8. Council has been a member of C40 since 2015. In that entire time, have they told government they need legislation to enable the buying of property – landbanked, underutilised or owned by a serial polluter would be where’d I’d be looking – to enable the compact city strategy to be realised, so that we can actually meet our C40 targets? I don’t believe so.

          We’ve had too many backward-looking visionless councillors and council officers believing they know how things work instead of understanding the science and the direction things need to go, then working back from there how to achieve it. The few with good understanding have been fighting for tiny improvements.

        9. So we could have our own version of ‘Little Pink House’ (or Kelo vs City of New London). All the small owners could be booted off their own land so an all knowing local government could build to suit their cronies? The good thing about democracy is you can throw out anyone who would try it.
          Mr Beat does a good precis. https://www.youtube.com/watch?v=9eZKcPwWVgs&t=458s

        10. Yeah we could, miffy, or we could be grown ups and stop using edge cases to prevent thinking about the possibilities. We could acknowledge there are LOTS of properties that could be purchased that wouldn’t have any negative social effects. Properties purchased under the PWA to enable grossly polluting and socially severing roading projects to go ahead have often been privately owned homes. I’m not suggesting those.

        11. @Miffy
          Rulings by the supreme court of the United States of America have no significance beyond the USA.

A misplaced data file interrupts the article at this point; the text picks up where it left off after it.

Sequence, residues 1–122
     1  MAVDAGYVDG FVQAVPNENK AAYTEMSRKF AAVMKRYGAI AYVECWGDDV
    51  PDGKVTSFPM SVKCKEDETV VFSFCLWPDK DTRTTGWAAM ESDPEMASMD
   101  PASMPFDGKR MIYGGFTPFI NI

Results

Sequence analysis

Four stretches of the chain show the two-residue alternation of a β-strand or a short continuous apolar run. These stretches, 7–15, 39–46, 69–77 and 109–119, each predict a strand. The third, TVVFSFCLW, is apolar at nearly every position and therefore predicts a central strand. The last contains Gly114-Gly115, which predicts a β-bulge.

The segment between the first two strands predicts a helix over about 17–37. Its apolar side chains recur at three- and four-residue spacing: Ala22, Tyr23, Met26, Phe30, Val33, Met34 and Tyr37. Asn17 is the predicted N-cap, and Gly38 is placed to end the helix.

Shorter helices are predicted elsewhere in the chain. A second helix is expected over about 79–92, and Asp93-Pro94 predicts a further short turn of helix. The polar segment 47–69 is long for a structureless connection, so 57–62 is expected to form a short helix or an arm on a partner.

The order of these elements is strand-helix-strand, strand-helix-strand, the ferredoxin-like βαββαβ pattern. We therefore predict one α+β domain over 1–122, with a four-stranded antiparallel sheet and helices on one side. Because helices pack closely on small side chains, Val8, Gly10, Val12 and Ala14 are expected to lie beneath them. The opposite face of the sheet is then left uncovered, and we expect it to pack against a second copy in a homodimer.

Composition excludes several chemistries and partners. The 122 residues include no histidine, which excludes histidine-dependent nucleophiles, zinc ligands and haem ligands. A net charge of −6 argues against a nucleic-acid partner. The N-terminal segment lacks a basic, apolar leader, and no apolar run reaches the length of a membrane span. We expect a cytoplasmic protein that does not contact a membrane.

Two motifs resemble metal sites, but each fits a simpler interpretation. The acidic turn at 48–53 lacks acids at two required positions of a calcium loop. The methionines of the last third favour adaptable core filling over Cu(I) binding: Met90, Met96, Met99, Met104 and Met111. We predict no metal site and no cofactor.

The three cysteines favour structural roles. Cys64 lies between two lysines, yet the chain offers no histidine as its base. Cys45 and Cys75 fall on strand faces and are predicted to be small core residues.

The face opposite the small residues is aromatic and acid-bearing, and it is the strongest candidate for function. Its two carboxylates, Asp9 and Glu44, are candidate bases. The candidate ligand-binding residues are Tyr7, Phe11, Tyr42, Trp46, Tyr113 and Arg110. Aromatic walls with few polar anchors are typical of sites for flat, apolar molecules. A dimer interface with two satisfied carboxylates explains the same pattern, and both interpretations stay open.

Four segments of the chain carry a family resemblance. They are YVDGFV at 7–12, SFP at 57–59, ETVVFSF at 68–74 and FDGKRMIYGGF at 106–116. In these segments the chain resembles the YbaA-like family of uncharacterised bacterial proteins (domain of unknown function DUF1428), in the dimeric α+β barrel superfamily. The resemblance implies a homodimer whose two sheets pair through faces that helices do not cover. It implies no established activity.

12. I wasn’t suggesting they do Daniel. I was using it as an example of the grief and aggro that is caused when a Local Government seizes people’s land through a legal process in order carry out one of their own poorly thought through pet projects. The Little Pink House story is a great example of one woman struggling against some arseholes who used public money to further the interests of their cronies.
          Lucky for us the SCOTUS has no relevance as they are a bunch political hacks pretending to be judges.

        13. Heidi
          I agree with you about the stupidity of forced purchases of people’s homes to build roads, but the PWA is all about building roads railways and irrigation schemes. It cheats people of part of the value of their property by requiring valuations on the basis of a willing buyer and willing seller. The whole point is they are not a willing seller because the land has greater value to the current owner.
          The Government could probably use the PWA for housing but the usual path is to get a designation first through the RMA to demonstrate the land is required. NZTA, Watercare, AT etc are Requiring Authorities but housing New Zealand isn’t (or wasn’t it might have changed recently?)